Euro/Dollar Parity: A "Sight Unseen" in 20 Years. But NOT a Sight Un-Foreseen!
As 2021 began, the image of a soaring euro/falling dollar seemed to speak for its "market fundamentals" self. But that EUR/USD image was sorely mistaken
by Nico Isaac
Updated: August 11, 2022
On July 31, a celebrated French physicist broke the internet when he tweeted this photo and caption:
"The nearest star to the Sun, located 4.2 light years away from us... taken by the James Webb Space Telescope. This level of detail... A new world is unveiled every day." (August 7 CNN)
The image went viral, with hundreds of thousands of shares, re-tweets, and comments about the awestriking nature of the cosmos.
Days later, the scientist confessed the photo was a hoax; the object was, in fact, a close-up of a slice of chorizo sausage taken against a black backdrop. (Next, they'll tell me the moon isn't really made of cheese, either!)
But, in the scientist's own words, the prank was meant in good taste (pun intended!). His intention: "To urge caution regarding images that seem to speak for themselves."
On that note, I invite you to look closely at the chart of EUR/USD, the world's biggest forex market, below. It captures the euro's 2020 bull run, stopping on the last day of the year, December 31, 2020, when the euro orbited its highest level against the U.S. dollar since April 2018.
Now, according to the mainstream experts, this image seemed to speak for itself. What it said was, the euro's winning streak was here to stay. On December 30, 2020, CNBC described the U.S. dollar as being "sucked into a downward spiral" and wrote:
"The next stops for the [euro] bull train are $1.2413 and $1.2476, on the way to the 2018 peak at $1.2555.
"The prospect of a brighter 2021 has lessened the need for the safe-haven dollar, while burnishing the attraction of riskier assets especially in emerging markets."
A January 2, 2021, MarketWatch confirmed the U.S. dollar had just suffered its first annual drop since 2017, going from "life preserver to castaway in a topsy-turvy 2020 that many investors think marks the start of a downtrend for the currency."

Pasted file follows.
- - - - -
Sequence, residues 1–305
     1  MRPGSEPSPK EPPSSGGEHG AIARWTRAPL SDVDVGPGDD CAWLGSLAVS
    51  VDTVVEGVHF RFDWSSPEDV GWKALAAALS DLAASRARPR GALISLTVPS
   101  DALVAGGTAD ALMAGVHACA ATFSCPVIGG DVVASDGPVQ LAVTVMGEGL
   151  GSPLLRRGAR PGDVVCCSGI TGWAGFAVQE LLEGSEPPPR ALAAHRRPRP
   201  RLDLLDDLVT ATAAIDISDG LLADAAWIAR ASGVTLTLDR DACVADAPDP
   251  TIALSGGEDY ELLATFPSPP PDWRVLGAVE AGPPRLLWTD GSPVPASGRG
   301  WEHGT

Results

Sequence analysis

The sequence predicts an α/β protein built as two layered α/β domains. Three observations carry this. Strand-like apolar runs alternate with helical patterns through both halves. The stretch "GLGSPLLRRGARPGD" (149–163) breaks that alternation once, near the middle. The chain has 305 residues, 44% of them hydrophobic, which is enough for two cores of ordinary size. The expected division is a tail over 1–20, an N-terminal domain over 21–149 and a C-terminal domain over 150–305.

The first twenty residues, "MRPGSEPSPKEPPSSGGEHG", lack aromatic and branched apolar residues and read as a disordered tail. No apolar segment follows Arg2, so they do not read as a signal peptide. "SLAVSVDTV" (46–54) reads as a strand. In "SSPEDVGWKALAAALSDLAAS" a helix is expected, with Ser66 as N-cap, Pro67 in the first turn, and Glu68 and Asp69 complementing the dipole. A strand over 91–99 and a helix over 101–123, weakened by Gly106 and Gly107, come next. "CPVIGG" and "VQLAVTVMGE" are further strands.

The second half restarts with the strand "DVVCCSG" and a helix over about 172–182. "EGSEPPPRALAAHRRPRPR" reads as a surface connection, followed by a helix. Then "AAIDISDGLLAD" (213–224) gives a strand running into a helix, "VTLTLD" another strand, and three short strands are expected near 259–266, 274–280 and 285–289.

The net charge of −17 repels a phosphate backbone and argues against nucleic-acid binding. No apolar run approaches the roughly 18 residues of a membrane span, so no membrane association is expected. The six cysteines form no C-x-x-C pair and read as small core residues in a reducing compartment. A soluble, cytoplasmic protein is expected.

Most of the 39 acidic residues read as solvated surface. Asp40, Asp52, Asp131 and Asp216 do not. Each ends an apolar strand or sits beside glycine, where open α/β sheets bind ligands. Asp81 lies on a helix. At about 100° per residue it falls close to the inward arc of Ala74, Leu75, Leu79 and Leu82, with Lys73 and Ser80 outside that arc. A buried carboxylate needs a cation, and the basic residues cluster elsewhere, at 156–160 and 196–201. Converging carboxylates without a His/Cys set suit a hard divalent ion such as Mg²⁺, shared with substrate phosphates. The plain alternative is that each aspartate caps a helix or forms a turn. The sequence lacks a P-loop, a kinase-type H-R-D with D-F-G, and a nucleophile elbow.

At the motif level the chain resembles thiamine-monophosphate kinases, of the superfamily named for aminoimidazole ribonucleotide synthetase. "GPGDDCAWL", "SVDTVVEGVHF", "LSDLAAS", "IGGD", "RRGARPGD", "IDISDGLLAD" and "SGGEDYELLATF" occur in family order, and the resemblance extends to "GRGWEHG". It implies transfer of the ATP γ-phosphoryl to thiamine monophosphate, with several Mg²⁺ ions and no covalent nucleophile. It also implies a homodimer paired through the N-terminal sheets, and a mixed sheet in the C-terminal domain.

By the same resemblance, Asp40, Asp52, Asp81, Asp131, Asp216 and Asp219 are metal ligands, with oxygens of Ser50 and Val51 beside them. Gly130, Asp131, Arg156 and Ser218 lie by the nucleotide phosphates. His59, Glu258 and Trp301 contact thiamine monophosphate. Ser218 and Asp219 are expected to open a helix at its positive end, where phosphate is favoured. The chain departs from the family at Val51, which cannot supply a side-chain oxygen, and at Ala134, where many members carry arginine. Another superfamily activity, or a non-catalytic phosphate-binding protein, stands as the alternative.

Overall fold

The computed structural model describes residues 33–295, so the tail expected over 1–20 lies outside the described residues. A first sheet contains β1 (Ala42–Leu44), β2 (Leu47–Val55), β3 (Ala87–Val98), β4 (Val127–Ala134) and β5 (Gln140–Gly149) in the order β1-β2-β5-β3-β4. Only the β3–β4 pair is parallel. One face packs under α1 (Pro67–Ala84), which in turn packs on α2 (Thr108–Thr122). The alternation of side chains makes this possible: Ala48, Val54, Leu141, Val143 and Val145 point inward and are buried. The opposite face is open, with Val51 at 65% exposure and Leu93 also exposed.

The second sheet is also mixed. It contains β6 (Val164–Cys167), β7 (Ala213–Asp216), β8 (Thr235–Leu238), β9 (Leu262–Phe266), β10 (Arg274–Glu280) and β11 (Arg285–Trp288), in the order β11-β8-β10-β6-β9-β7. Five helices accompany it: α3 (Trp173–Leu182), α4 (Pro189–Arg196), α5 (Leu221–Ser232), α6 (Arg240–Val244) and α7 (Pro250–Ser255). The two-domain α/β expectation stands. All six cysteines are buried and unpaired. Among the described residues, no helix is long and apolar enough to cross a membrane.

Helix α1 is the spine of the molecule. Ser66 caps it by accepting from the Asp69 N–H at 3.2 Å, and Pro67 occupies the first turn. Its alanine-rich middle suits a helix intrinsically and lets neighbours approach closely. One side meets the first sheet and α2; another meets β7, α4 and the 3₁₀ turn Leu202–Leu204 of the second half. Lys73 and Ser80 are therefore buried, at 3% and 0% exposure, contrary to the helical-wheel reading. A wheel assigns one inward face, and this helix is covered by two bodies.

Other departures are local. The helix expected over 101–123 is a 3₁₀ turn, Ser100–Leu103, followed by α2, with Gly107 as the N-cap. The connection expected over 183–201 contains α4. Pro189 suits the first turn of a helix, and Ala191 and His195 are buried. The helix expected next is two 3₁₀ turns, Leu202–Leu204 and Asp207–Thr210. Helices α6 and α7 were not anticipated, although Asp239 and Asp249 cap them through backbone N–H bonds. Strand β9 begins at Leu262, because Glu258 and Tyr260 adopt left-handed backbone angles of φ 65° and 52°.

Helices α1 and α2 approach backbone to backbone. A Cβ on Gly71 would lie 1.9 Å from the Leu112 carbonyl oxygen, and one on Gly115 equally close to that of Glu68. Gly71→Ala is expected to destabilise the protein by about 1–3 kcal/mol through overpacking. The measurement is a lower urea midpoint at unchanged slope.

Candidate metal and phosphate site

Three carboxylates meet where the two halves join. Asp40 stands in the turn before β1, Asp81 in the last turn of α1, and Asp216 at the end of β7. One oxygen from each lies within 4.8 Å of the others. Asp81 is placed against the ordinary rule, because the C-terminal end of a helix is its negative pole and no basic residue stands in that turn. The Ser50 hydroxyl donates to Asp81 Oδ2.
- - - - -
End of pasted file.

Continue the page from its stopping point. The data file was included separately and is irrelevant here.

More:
It also added that a "euro move to 125 is destined to happen as 2021 gets underway."
Finally, on January 4, 2021, Yahoo Finance emphasized the mass dollar liquidation by currency traders and said, "USD bulls for now will have to stay on the bench at least for the near term."
And yet, upon closer inspection, the image before the financial world was not of a blazing bullish euro star. As the calendar year switched from 2020 to 2021, the euro peaked without ever reaching 125, and reversed in a precipitous sell-off into July 14, 2022 -- the day the EUR/USD reached parity for the first time in 20 years!
From the beginning of the euro's reversal, our Elliott wave optics cautioned against taking the bullish mainstream consensus at their word. On December 31, 2020, our Currency Pro Service looked through their Elliott wave "telescope" and identified a clear topping pattern in place on the EURUSD price chart. From our viewpoint, parity was not a matter of if:
"EURUSD has satisfied the minimum expectations to complete an impulsive rally from 1.1603, which might also complete the advance underway from March. It's premature to call a top in place, but the risk is shifting to the downside.
"The upcoming decline should approach parity.
"The second chart shows that the crowd is nearly unanimous in the belief that the Euro rally has further to go. DSI measures group bullishness, and with more than 90% of the group favoring the Euro, there are few left to pile in... Like the divergence between price and momentum, the extremes warn the trend is mature."
As is the case with all analysis, there are times when you get distracted from your original forecast, and we did wonder, as the market was working its way sideways, if an alternate, bullish wave count was going to take the status of the preferred bearish call, but at the end of the day, this next chart captures the EUR/USD's downward spiral into parity on July 14, 2022
On July 13, the New York Times called parity in the world's most liquid currency pair a "sight unseen since December 2002, the early years of the currency's existence."
But it was not, at least from an Elliott wave perspective, a sight un-foreseen!
Trading currencies carries risk, and not all Elliott wave interpretations are correct. But if you desire an objective image of market trends, our Currency Pro Service is the premier record of choice. Right now, Currency Pro Service presents labeled price charts just like these of the EUR/USD, with critical price levels that help traders manage risk every step of the way.
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